Bar Journal - June 1, 2002
Lex Loci: A Survey of New Hampshire Supreme Court Decisions
By: Attorney Charles A. DeGrandpre
LEX LOCI A Survey of New Hampshire Supreme Court Decisions
To use astronomer's jargon, a super nova of the recent opinions of the New Hampshire Supreme Court is an important decision in the sensitive area of the termination of parental rights, decided by a unanimous Supreme Court on February 5, 2002, In Re Antonio W. and Daniel M. The dispiriting facts of this case gave the Supreme Court a broad opportunity to review the nature and the law of parental rights under our New Hampshire Constitution.
Antonio and Daniel were young brothers brought up by their mother in a disorderly, dirty and "out of control" household in which one of the boys was abused sexually by his own mother and her many boyfriends, or as described in the careful words of the Court: "[a]lthough we do not relate in graphic detail the disclosed conduct, it was profoundly disturbing."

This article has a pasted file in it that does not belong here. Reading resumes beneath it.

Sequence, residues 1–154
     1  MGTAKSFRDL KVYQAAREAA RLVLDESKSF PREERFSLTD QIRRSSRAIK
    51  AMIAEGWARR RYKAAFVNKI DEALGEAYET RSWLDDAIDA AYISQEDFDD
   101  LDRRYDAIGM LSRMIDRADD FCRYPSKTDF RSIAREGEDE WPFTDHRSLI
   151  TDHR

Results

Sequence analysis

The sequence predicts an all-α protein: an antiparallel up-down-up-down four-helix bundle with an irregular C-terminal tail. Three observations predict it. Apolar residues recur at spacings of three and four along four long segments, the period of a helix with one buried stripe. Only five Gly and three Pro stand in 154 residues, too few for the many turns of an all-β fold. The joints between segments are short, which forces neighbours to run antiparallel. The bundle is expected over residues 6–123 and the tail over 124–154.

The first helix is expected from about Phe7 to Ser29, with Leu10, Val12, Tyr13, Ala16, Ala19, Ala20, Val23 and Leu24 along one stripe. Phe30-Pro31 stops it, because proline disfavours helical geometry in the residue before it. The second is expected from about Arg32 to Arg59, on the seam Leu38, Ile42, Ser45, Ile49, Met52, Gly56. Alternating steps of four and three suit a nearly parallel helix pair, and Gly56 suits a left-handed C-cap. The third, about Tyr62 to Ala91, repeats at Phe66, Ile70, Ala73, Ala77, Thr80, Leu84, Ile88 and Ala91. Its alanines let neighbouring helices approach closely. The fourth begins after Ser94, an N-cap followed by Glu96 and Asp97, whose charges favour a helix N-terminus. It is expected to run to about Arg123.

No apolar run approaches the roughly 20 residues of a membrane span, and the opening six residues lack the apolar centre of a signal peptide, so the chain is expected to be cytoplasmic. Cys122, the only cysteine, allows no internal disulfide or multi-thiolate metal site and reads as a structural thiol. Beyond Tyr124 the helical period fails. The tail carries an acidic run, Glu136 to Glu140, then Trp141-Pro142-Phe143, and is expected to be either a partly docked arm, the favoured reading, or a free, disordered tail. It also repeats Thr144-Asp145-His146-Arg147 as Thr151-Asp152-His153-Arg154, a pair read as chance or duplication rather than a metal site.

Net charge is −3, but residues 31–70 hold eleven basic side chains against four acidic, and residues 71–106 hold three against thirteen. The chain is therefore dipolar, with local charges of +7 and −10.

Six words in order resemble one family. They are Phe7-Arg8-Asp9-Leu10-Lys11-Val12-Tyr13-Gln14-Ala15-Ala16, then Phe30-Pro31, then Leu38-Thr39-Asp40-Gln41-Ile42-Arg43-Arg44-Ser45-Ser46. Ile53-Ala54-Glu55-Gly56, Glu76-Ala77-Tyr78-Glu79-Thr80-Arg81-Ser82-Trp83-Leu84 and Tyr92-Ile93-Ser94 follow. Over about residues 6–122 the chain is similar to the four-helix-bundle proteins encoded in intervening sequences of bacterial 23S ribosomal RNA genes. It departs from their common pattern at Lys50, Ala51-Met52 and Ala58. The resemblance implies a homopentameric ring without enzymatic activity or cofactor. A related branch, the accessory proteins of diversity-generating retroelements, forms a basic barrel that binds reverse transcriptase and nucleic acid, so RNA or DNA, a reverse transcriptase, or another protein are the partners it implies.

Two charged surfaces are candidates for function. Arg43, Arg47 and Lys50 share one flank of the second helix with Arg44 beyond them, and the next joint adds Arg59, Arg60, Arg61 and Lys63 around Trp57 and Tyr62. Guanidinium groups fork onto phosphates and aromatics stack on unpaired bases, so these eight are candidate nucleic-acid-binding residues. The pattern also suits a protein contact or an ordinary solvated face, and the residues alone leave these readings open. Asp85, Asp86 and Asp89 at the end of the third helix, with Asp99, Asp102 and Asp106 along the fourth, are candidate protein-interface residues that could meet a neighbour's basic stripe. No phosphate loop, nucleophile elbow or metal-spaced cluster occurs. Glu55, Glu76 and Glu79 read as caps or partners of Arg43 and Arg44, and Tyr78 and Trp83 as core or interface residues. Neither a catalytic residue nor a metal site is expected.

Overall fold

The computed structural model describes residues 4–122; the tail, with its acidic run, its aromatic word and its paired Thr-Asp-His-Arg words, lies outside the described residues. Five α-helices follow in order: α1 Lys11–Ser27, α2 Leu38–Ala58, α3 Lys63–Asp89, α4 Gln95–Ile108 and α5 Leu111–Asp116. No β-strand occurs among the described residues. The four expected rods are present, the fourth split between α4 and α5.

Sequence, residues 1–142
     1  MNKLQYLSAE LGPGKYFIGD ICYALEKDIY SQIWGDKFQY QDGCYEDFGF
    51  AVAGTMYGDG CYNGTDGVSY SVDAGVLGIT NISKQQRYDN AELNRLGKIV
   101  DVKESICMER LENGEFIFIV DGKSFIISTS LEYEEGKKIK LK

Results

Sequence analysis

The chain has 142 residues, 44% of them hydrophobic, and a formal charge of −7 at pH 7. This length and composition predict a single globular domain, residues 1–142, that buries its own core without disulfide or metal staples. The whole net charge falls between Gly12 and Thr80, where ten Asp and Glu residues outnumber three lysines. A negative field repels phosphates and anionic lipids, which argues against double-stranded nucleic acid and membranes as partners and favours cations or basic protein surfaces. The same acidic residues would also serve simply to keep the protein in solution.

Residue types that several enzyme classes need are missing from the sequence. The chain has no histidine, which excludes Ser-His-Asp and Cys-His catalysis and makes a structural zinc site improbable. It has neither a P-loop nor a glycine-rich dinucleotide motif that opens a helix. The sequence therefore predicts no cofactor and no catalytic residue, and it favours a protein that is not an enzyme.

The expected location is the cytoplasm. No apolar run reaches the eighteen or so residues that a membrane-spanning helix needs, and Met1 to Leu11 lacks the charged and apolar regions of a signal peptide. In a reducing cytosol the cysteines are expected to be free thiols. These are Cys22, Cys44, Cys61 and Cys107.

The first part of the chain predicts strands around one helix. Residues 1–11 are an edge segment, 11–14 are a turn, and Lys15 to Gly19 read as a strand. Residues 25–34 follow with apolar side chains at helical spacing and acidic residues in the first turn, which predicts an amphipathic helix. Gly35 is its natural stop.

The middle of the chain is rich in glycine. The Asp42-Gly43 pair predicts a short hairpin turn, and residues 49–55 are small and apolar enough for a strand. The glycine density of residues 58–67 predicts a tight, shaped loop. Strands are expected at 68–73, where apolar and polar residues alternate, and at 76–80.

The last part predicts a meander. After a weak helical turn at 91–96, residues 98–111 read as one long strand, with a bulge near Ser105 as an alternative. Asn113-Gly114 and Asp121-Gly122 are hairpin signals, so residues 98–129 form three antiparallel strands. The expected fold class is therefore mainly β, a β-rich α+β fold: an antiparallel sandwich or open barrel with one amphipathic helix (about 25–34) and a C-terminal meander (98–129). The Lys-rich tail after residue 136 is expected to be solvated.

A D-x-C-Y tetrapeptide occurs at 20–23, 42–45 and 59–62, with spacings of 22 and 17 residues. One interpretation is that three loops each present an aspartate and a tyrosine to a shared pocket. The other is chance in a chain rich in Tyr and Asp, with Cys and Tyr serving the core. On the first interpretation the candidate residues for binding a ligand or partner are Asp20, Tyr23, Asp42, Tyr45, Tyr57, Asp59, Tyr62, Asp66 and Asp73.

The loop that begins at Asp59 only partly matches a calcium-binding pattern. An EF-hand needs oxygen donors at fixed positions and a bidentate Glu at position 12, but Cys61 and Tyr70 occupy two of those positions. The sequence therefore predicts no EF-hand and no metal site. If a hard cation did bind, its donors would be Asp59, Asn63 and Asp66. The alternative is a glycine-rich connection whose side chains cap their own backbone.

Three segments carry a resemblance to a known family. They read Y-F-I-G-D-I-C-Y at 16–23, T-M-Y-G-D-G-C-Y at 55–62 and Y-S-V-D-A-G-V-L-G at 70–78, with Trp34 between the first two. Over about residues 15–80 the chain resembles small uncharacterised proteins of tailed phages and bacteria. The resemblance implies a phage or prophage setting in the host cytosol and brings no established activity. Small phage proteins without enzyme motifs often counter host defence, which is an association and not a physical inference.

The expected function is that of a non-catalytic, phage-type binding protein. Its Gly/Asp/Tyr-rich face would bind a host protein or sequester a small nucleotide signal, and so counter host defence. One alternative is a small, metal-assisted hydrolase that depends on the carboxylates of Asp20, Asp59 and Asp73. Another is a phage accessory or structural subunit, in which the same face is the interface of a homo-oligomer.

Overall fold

After numerous findings of neglect by the district court, the Department of Children, Youth and Family (DCYF) petitioned to terminate the mother's parental rights over the boys, alleging that she had failed to correct the conditions of neglect. A six-day termination hearing followed in Hillsborough County Probate Court, after which the court ruled that, the mother having failed to correct the conditions which led to the original findings of neglect, it was now in the best interests of the children to terminate her parental rights. The mother appealed. Justice Broderick's affirming opinion for a unanimous Court was a humdinger. The Court began by stating that although parental rights are "'natural, essential, and inherent' within the meaning of Part I, Article 2 of the New Hampshire Constitution....Nevertheless the fundamental rights of parents are not unassailable, and terminations will be upheld if applicable due process requirements have been met....The dominant consideration in termination proceedings under RSA chapter 170-C is the welfare of the child, which must prevail over the interests of the parents." [Emphasis supplied]. This is a welcome re-emphasis by the Court regarding the welfare of children in termination cases.